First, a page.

Ocean forcing of penultimate deglacial and last interglacial sea-level rise

Peter U. Clark, Feng He, Nicholas R. Golledge, Jerry X. Mitrovica, Andrea Dutton, Jeremy S Hoffman, Sarah Dendy

Research output: Contribution to journalArticle

Abstract

Sea-level histories during the two most recent deglacial-interglacial intervals experienced significant differences1-3 despite both periods having similar changes in global mean temperature4,5 and forcing from greenhouse gases6. Although the last interglaciation (LIG) experienced stronger boreal summer insolation forcing than during the present interglaciation7, understanding why LIG global mean sea level may have been 6-9 m higher than present has proven particularly challenging2. During glacial as well as interglacial periods, extensive areas of polar ice sheets were grounded below sea level, with grounding lines and fringing ice shelves extending onto continental shelves8, suggesting that oceanic forcing by subsurface warming may also have contributed to ice-sheet loss9-12 analogous to ongoing changes by the Antarctic13,14 and Greenland15 ice sheets. Such forcing would have been especially effective during glacial periods when the Atlantic Meridional Overturning Circulation (AMOC) experienced large variations on millennial timescales16, with a reduction of the AMOC causing subsurface warming throughout much of the Atlantic basin9,12,17. Here we show that greater subsurface warming induced by the longer duration of reduced AMOC during the penultimate deglaciation can explain the more-rapid sea-level rise than during the last deglaciation. This greater forcing also contributed to excess loss from the Greenland and Antarctic ice sheets during the LIG, causing global mean sea level to rise at least 4 m above modern. When accounting for the combined influences of penultimate and last-interglacial deglaciation on glacial isostatic adjustment, this excess loss of polar ice during the LIG can explain much of the relative sea level recorded by fossil coral reefs and speleothems at intermediate- and far-field sites.
LanguageEnglish
Pages660-664
Number of pages5
JournalNature
Volume577
Early online date29 Jan 2020
DOIs
Publication statusPublished - 30 Jan 2020

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Last Interglacial
sea level
ice sheet
meridional circulation
ocean
warming
deglaciation
interglacial
grounding line
last deglaciation
speleothem
ice shelf
insolation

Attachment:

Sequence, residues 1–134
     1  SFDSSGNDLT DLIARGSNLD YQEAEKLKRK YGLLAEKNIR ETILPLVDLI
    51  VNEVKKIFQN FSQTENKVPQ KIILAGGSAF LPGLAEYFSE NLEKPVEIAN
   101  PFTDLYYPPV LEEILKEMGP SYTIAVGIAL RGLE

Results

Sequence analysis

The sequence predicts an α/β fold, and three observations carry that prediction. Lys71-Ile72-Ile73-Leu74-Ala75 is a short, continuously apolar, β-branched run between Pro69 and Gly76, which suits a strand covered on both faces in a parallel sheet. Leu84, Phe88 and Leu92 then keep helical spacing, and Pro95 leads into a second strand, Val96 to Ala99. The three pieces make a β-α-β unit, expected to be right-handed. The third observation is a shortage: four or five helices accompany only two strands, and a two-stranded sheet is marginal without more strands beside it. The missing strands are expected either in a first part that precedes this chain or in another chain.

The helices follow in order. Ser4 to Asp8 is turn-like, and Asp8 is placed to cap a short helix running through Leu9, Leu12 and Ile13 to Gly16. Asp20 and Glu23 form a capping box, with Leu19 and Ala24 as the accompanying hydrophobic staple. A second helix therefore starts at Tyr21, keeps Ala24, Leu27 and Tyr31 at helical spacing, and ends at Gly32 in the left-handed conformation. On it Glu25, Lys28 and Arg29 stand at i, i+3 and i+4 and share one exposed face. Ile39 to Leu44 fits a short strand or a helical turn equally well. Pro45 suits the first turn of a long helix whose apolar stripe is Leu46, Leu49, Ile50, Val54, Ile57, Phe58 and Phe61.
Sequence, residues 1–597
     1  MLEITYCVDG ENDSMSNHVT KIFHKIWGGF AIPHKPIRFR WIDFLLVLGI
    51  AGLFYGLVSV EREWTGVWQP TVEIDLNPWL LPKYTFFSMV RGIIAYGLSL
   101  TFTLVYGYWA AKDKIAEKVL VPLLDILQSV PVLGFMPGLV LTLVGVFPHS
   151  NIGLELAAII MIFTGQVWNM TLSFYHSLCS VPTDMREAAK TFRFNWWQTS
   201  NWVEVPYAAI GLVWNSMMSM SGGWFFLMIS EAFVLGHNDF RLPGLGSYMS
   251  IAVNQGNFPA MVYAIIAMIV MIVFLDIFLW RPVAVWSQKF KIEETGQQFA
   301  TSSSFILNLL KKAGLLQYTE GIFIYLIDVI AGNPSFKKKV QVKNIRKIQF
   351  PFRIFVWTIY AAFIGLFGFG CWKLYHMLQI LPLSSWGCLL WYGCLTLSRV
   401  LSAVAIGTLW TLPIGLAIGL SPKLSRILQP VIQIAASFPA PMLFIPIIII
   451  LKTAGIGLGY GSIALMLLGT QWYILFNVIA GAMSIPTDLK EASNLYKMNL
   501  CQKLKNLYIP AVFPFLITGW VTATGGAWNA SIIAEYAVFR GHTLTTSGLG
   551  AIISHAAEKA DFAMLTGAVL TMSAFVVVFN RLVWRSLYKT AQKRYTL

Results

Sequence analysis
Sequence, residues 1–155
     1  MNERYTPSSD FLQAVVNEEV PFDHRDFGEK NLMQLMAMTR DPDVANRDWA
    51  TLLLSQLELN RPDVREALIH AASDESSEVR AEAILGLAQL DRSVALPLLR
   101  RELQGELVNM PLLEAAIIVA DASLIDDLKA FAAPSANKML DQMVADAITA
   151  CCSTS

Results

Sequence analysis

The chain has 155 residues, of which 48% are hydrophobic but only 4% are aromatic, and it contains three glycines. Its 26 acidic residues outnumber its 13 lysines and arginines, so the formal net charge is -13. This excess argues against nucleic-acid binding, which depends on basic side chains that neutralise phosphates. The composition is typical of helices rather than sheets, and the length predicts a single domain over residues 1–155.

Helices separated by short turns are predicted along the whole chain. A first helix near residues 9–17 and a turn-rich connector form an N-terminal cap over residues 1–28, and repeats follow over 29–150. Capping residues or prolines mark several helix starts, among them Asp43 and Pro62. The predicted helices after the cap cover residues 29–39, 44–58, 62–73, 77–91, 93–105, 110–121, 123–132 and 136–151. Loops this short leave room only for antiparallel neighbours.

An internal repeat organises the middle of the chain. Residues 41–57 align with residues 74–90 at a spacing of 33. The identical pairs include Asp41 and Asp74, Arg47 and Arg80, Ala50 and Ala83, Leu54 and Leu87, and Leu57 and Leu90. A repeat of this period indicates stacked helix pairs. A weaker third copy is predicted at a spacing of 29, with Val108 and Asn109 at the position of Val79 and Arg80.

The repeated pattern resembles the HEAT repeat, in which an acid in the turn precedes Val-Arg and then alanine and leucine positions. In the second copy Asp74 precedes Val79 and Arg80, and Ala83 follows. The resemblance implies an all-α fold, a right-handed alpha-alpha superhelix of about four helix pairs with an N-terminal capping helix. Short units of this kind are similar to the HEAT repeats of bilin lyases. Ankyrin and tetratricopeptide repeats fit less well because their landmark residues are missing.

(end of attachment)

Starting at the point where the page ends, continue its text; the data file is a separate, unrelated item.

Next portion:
coral reef
sea level rise
fossil
ice
summer
history
loss

Cite this

Clark, P. U., He, F., Golledge, N. R., Mitrovica, J. X., Dutton, A., Hoffman, J. S., & Dendy, S. (2020). Ocean forcing of penultimate deglacial and last interglacial sea-level rise. Nature, 577, 660-664. https://doi.org/10.1038/s41586-020-1931-7
Clark, Peter U. ; He, Feng ; Golledge, Nicholas R. ; Mitrovica, Jerry X. ; Dutton, Andrea ; Hoffman, Jeremy S ; Dendy, Sarah. / Ocean forcing of penultimate deglacial and last interglacial sea-level rise. In: Nature. 2020 ; Vol. 577. pp. 660-664.
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Clark, PU, He, F, Golledge, NR, Mitrovica, JX, Dutton, A, Hoffman, JS & Dendy, S 2020, 'Ocean forcing of penultimate deglacial and last interglacial sea-level rise', Nature, vol. 577, pp. 660-664. https://doi.org/10.1038/s41586-020-1931-7

Ocean forcing of penultimate deglacial and last interglacial sea-level rise. / Clark, Peter U.; He, Feng; Golledge, Nicholas R.; Mitrovica, Jerry X.; Dutton, Andrea; Hoffman, Jeremy S ; Dendy, Sarah.

In: Nature, Vol. 577, 30.01.2020, p. 660-664.

Research output: Contribution to journalArticle

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AB - Sea-level histories during the two most recent deglacial-interglacial intervals experienced significant differences1-3 despite both periods having similar changes in global mean temperature4,5 and forcing from greenhouse gases6. Although the last interglaciation (LIG) experienced stronger boreal summer insolation forcing than during the present interglaciation7, understanding why LIG global mean sea level may have been 6-9 m higher than present has proven particularly challenging2. During glacial as well as interglacial periods, extensive areas of polar ice sheets were grounded below sea level, with grounding lines and fringing ice shelves extending onto continental shelves8, suggesting that oceanic forcing by subsurface warming may also have contributed to ice-sheet loss9-12 analogous to ongoing changes by the Antarctic13,14 and Greenland15 ice sheets. Such forcing would have been especially effective during glacial periods when the Atlantic Meridional Overturning Circulation (AMOC) experienced large variations on millennial timescales16, with a reduction of the AMOC causing subsurface warming throughout much of the Atlantic basin9,12,17. Here we show that greater subsurface warming induced by the longer duration of reduced AMOC during the penultimate deglaciation can explain the more-rapid sea-level rise than during the last deglaciation. This greater forcing also contributed to excess loss from the Greenland and Antarctic ice sheets during the LIG, causing global mean sea level to rise at least 4 m above modern. When accounting for the combined influences of penultimate and last-interglacial deglaciation on glacial isostatic adjustment, this excess loss of polar ice during the LIG can explain much of the relative sea level recorded by fossil coral reefs and speleothems at intermediate- and far-field sites.

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Clark PU, He F, Golledge NR, Mitrovica JX, Dutton A, Hoffman JS et al. Ocean forcing of penultimate deglacial and last interglacial sea-level rise. Nature. 2020 Jan 30;577:660-664. https://doi.org/10.1038/s41586-020-1931-7